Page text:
The mass death occurred when Congressman Leo Ryan of the Bay Area went to visit Jonestown to investigate reports of child abuse and people being held against their will.
When he arrived, the ensuing paranoiac reaction triggered an apocalyptic response. The Congressman was murdered by Jones followers and Jones, fearing retribution, oredered his followers to kill themselves and their children.
This is where the phrase "drink the kool-aid" in referring to mind control arose. The poison was mixed in big cats of kool-aid which all drank.
There is a good history of the rise and descent into madness and the tragic events in the Washington Post with a photo gallery.
There was a ceremony in San Francisco commenorating the event held by relatives and some of the survivors of the Jonestown settlement.
Many Jonestown survivors and their families believe that the lessons of Jonestown are to remember and guard against demagogues who use religion as a cover for fraud, deception and imposing their own sometimes dangerous social and political beliefs on their naive and unsuspecting followers.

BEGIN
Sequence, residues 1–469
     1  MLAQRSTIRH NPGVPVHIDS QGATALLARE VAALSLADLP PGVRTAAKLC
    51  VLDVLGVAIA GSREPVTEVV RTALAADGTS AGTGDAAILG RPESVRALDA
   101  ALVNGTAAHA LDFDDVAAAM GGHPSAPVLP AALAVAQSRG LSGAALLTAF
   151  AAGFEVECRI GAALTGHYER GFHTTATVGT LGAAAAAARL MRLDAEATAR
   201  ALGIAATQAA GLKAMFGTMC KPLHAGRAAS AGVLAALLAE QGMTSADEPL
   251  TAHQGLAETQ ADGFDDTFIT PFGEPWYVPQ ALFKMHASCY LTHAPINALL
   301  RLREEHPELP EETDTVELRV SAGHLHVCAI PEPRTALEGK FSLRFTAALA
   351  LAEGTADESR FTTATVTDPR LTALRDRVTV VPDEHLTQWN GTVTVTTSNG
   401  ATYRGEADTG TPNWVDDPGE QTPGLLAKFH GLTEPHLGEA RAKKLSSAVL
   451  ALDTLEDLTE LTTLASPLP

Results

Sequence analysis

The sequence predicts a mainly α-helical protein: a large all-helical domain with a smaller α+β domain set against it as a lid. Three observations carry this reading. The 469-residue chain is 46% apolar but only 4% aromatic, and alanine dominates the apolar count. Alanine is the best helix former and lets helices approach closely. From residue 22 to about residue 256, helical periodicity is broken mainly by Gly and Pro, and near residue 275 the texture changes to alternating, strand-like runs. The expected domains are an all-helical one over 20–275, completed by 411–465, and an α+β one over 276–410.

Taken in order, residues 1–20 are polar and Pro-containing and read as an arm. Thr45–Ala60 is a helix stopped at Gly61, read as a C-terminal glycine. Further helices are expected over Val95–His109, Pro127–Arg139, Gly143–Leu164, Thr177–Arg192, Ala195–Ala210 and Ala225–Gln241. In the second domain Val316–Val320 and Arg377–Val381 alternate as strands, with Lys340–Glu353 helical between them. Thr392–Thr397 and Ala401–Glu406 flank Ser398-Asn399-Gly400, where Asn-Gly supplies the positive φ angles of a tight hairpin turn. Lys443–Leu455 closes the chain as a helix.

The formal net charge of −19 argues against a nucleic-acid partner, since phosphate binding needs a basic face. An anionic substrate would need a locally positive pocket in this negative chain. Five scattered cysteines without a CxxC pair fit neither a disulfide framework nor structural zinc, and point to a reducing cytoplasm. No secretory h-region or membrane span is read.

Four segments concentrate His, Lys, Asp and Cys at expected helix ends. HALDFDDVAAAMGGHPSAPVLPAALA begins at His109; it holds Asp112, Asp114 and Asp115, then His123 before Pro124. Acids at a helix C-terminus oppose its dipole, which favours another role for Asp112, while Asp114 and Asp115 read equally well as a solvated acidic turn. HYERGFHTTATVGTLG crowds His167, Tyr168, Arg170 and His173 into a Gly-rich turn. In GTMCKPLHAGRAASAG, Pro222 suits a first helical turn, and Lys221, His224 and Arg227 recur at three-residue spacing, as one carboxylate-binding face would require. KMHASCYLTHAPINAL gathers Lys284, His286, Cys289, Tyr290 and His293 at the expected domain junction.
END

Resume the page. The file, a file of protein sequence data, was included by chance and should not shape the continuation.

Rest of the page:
It was that theme that dominated Tuesday's memorial service at the mass grave in Oakland. In an emotional and highly charged address, the Rev. Amos Brown, bishop at San Francisco's Third Baptist Church and president of the San Francisco NAACP, warned the mourners to beware of religious leaders who claim to have all the answers and insinuate themselves into politics, as Jones did so effectively in San Francisco.
"Good religion elevates folk, it teaches people to think for themselves. Good religion isn't authoritarian. Good religion isn't bigoted," he said. "Open up your eyes, America. America isn't a theocracy, it's a democracy. . . . And that is the lesson we must learn from Jonestown."